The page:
If you decide to withdraw your savings, you can have it deposited into a U.S. Bank savings or checking account. If you don't have any other accounts with U.S. Bank, you could have it transferred electronically to an account at another bank.

U.S. Bank vs. Online Bank CDs

Online banks can offer higher rates on CDs and savings accounts. They just don't give you the convenience of going to a branch the way a traditional bank would. If that's not an issue, a CD with one of these online banks may be better suited to your savings needs.

Synchrony Bank CDs

Synchrony Bank keeps things simple with one CD product. You can choose a term as short as three months or as long as 60 months. The rates are tiered, according to both the CD term and the amount you save. Compared to U.S. Bank, you can get a much better rate on a long-term CD but you'll need at least $2,000 to open an account.

Goldman Sachs Bank USA CDs

At Goldman Sachs Bank, it takes only $500 to open a CD. The rates are tiered, according to the length of your CD term. Again, they're higher than what you could get at U.S. Bank. You can save in a CD for six months or up to six years. There's no IRA CD option so if you want to save for retirement, you'll need to check out a different bank.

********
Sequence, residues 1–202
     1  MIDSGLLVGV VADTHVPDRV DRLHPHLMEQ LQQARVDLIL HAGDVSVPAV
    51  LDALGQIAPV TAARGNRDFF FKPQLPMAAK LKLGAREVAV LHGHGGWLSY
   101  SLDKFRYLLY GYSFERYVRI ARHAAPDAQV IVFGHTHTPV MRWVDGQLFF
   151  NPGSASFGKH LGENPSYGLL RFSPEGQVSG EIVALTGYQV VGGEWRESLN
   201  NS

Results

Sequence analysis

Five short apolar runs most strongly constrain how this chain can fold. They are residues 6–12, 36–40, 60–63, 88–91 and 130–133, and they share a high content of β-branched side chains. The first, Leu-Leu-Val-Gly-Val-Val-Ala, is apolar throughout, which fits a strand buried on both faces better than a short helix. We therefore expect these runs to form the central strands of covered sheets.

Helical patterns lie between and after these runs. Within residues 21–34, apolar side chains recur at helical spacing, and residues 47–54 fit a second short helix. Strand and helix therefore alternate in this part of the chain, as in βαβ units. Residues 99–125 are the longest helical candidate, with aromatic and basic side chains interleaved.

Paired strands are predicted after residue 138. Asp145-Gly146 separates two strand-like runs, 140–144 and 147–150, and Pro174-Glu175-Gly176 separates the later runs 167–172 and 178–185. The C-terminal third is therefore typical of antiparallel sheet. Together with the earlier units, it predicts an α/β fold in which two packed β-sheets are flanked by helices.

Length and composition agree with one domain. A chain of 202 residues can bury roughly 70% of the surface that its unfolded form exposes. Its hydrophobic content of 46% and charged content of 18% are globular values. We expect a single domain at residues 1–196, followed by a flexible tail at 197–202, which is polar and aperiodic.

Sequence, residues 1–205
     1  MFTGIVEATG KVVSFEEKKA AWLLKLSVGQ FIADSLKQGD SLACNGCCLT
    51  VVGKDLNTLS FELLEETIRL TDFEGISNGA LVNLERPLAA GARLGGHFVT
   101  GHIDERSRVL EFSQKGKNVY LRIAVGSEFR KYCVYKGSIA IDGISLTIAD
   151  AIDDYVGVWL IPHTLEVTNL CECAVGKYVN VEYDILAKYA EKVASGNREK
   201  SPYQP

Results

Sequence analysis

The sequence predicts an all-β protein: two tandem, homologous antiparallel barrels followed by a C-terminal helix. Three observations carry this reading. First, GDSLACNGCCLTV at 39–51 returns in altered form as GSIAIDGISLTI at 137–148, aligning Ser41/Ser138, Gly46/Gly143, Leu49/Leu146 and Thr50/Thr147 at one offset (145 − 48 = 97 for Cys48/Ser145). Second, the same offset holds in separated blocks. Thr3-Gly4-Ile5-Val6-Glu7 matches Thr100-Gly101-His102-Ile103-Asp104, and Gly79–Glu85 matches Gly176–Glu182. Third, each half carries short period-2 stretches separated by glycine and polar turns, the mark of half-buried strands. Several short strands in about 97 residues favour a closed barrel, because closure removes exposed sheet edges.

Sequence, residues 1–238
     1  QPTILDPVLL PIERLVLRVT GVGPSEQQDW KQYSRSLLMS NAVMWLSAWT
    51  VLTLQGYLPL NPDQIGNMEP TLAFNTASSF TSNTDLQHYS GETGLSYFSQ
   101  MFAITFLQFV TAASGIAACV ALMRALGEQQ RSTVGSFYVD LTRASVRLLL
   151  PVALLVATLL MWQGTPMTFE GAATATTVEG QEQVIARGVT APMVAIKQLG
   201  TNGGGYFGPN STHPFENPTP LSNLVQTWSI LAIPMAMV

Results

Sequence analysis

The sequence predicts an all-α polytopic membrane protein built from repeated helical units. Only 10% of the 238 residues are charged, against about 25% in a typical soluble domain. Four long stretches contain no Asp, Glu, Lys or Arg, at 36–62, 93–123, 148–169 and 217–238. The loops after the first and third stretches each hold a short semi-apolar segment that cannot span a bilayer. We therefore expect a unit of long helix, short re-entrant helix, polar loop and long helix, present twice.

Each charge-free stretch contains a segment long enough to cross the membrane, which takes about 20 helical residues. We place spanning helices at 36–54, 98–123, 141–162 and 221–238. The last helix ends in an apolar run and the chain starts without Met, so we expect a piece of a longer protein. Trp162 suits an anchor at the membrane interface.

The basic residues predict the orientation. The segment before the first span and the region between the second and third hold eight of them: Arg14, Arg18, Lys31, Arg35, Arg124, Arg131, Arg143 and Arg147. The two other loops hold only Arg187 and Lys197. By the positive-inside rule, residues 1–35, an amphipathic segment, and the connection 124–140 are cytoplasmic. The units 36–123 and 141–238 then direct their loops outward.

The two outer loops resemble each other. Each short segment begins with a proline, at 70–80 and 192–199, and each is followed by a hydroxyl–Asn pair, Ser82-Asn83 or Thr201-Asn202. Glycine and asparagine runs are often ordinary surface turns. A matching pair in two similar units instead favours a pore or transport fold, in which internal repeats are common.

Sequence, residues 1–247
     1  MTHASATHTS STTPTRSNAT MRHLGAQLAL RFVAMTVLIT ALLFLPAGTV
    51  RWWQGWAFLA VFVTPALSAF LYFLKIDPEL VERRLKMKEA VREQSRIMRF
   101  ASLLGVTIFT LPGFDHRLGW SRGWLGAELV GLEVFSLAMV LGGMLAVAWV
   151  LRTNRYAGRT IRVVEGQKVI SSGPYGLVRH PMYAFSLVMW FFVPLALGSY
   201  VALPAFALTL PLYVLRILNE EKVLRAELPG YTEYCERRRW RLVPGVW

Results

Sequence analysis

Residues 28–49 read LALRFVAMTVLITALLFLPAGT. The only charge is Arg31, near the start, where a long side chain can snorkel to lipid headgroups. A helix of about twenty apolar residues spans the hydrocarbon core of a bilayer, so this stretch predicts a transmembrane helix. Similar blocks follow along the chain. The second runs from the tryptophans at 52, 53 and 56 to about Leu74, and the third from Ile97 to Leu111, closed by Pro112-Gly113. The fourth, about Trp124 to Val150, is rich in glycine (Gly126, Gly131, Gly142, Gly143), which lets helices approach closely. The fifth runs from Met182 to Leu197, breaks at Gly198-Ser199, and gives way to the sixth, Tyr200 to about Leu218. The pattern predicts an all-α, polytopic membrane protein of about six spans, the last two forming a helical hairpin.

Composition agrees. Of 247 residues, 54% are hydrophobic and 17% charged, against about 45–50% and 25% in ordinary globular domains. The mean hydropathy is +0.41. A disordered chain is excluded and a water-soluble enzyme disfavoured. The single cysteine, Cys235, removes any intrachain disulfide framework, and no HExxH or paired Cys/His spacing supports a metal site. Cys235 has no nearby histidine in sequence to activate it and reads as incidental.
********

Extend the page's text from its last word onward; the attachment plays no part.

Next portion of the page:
Ally Bank CDs

Ally Bank offers competitive CD rates  with no minimum opening deposit. There are four CDs you can choose from. High Yield CDs have terms ranging from three to 60 months. Raise Your Rate CDs have two- or four-year terms and give you the opportunity to increase your rate after you account is open. No Penalty CDs have an 11-month term and you can withdraw your money at any time after the first six days without penalty.

Final Verdict: Are U.S. Bank CDs Right for You?

U.S. Bank CDs feature plenty of variety and flexibility in the terms. And if you're a U.S. Bank customer already, opening a new CD account may be easier than starting fresh with an online bank. On the other hand, online banks could get you much better rates on your savings. If earning the most interest possible is the most important thing, you'd likely be better off with an online bank CD in the long run.

On the other hand, online banks could get you much better rates on your savings. If earning the most interest possible is the most important thing, you'd likely be better off with an online bank CD in the long run.

More: Best Certificates of Deposit of the Year